The Me-109 was a World War II German fighter aircraft that was the fighter backbone of the Luftwaffe for much of the war. The Me-109 was a capable aircraft able to compete with Hawker Hurricanes and Spitfires but was outmatched late in the war by American P-51s.

Length: 29' 8" ; 9.0 m
Height: 8' 6" ; 2.5 m
Wingspan: 32' 6" ; 9.9 m
Gross Weight: 6,980 lb ; 3,165 kg

No. of Engines: 1
Powerplant: Daimer-Benz D.605
Horsepower: 1475

Range: 615 miles ; 990 km
Cruise Speed: 325 mph ; 523 km/h ; 282 kt
Max Speed: 387 mph ; 623 km/h ; 336 kt
Ceiling: 38,500 ft ; 11,734 m
Nickname: Gustav
Manufacturer: Messerschmitt

From 1936 to 1945, almost 35,000 of these aircraft were build. This figure alone gives an indication of the importance of the Messerschmitt Bf/Me. 109 in the German aeronautical arsenal during World War II. However, in the course of its long and extensive career on all fronts, this small, agile and powerful aircraft acquired a role that went well beyond the purely quantitative dimensions of its production (the highest, without exception, of the entire war), and fought its way into the ranks of the greatest protagonists of aviation history. In fact the appearance of the Bf/Me. 109 brought the era of the biplane to a definite close, imposing qualitative standards that sooner or later were to serve as reference points for aircraft manufacturers all over the world. Willy Messerschmitt’s fighter not only placed Germany suddenly in the vanguard the field of military aviation, but it also became the progenitor of all the pure combat planes that were to emerge from the conflict. In this latter role, the Bf/Me. 109 had a fierce adversary (and not only in the skies over Europe) in another "immortal" , the British Supermarine Spitfire, with which it participated in a continuous technological chase, aimed at gaining supremacy in the air and leading to the continuous strengthening and improving of both aircraft.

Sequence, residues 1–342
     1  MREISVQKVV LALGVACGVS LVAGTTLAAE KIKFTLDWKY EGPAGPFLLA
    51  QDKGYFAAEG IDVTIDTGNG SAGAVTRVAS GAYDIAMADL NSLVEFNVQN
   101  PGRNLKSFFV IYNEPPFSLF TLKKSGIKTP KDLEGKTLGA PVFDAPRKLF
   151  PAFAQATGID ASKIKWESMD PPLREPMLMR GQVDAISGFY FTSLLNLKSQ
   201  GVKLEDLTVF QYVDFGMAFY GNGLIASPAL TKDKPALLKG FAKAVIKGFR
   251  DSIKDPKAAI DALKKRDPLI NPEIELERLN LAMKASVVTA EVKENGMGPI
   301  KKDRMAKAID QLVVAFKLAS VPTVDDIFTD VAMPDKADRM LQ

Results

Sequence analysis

The Bf/Me. 109 originated in the summer of 1934, in response to an official request for a monoplane interceptor with which to replace the Heinkel He.51 and the Arado Ar.68 biplanes. Its designers, Willy Messerschmitt and Walter Rethel, took the excellent features of the four-seater Bf. 108 Taifun commercial aircraft as their basis and created the smallest possible structure compatible with the most powerful engine then available. The fighter thus took the form of a compact, all-metal, low-wing monoplane with retractable landing gear and an enclosed cockpit.

Originally it had been planned to install the new 610 hp Junkers Jumo 210A engine, but because this power plant was unavailable, the prototype was fitted with the Rolls-Royce Kestrel V engine, generating 695 hp at takeoff and driving a two-bladed wooden propeller.

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